Etheridge's guitar mastery shines with brilliance, belting out mesmerizing riffs with molten beauty. At other times, he steps down the effulgence to tickle endearing chords from his strings, generating seductively understated embellishment to the rest of the twinkling music. In certain instances, this delicate guitarwork fits superlatively with the soft croon of the keyboards.
Dean's horns express stoic passages with perfect charm seasoned with a hint of optimism. There's nothing mournful about these nimble chords, they serve to celebrate with enthusiastic resonance. Periodically, Dean switches from sax to coax romantic divinity from his Fender Rhodes piano, sending slippery melodies pouring through the mix like a delicious waterfall.
Hopper's bass resounds like a restless Tyrannosaurus Rex prowling the mix, rumbling throaty undercurrents that bristle with verve. These basslines are laced with a pleasant buzz, attributing their charismatic rumble with a furry quality.
Marshall's percussion prospers on-stage, the rhythms swelling into puissant locomotion. Pace and force fluctuate, according to the current needs dictated by the melody at hand. Slow tempos are delivered with soothing skill, while higher velocity rhythms cascade with dazzling force.
These compositions exhibit enthralling structure and captivating allure, whether smoldering with sly deliberation or brimming with explosive cadence.
SOFT MACHINE LEGACY: Steam (CD on Moonjune Records)
This release from 2007 offers 65 minutes of jaunty progrock.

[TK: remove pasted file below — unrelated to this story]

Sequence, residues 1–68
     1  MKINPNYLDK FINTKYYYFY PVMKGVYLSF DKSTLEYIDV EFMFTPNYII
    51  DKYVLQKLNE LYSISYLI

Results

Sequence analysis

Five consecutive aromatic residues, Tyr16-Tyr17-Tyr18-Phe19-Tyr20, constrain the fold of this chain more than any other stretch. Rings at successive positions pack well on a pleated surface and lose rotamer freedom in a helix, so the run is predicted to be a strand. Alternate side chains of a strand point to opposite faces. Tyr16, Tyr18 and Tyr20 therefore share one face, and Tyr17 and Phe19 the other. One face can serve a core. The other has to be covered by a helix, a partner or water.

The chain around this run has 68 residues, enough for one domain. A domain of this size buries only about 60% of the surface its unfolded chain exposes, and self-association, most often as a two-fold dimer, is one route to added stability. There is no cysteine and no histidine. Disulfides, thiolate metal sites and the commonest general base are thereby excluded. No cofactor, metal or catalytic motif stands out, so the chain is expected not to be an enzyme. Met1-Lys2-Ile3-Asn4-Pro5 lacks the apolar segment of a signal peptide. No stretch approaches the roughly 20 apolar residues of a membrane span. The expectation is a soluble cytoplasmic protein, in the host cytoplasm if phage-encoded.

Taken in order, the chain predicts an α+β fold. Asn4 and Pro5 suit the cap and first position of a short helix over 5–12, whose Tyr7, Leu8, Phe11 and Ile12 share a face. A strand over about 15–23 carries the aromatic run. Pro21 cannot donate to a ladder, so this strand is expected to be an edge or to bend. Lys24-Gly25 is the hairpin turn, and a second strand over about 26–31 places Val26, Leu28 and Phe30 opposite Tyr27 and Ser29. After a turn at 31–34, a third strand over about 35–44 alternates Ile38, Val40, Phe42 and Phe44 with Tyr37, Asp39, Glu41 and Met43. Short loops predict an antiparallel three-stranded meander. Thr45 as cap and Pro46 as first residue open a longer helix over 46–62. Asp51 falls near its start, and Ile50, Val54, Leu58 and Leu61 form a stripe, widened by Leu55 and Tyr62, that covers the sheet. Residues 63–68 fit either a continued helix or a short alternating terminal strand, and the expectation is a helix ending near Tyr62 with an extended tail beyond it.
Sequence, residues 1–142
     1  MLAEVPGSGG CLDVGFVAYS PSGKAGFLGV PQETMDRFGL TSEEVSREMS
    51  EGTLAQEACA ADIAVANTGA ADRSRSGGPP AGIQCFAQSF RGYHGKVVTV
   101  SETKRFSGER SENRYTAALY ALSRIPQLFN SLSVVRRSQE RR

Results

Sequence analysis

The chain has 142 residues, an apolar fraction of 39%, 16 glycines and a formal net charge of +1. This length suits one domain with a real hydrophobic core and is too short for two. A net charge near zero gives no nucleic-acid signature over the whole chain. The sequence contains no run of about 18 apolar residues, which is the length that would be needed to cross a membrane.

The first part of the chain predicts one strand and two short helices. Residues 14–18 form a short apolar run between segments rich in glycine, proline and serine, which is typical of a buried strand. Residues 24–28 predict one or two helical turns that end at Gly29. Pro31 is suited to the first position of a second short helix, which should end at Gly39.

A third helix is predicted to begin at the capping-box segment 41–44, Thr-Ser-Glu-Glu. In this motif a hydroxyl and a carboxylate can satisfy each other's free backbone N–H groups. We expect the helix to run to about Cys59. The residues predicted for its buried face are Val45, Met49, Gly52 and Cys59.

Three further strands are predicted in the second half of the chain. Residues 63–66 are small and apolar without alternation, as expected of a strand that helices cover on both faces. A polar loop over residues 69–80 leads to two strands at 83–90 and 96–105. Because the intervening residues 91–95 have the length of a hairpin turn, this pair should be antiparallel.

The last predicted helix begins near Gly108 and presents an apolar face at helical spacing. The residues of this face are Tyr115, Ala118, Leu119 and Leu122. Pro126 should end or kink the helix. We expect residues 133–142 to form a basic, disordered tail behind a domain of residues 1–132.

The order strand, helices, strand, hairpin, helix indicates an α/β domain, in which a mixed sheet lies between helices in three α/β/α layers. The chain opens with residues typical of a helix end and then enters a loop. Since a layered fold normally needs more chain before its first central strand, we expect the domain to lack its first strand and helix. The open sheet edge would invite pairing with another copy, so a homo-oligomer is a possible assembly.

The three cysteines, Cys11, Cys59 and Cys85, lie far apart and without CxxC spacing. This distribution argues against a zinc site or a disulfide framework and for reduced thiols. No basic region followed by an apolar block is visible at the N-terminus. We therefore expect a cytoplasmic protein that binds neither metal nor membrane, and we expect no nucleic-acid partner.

For this incarnation, the band is: John Etheridge on guitar, Hugh Hopper on bass and loops, John Marshall on drums and percussion, and (replacing the late Elton dean) Theo Travis on saxophones, flute, and loops.
Guitar, bass, drums, and horns and flute. But with this recording the structure of the music is slightly different, arranged in a manner that grants the instruments more solos. Worry not, though, for the most part the instruments still mesh together, coalescing into a unified sound of unrivaled beauty.
This time, the horns seem to dominate the tuneage, filling the air with shrill sax that sends the pulse racing with ecstasy. There are passages, however, in which the horns assume a tender timbre, resonating with a gentle longing that tugs at the heart.
The guitar is often relegated to the midground, where its sharp chords punctuate the rollicking flow. Fear not, there are enough instances of frontal frenzy, searing riffs that pierce the darkness with a fervent euphoria.
That fuzzy quality, as if each note is wrapped around a swarm of angry wasps, overwhelms the basslines. Their rumble is fruitful and thrilling, often carrying the tune briefly before submerging back into the mix. Where most basslines are confined to a subliminal presence, buried by other instruments, Hopper's bass has a tendency to bully its way to the forefront--ah, but that bullying is done in a wholly amiable manner, one respected by the other instruments. This burred presence compliments the overall sound in a prosperous way.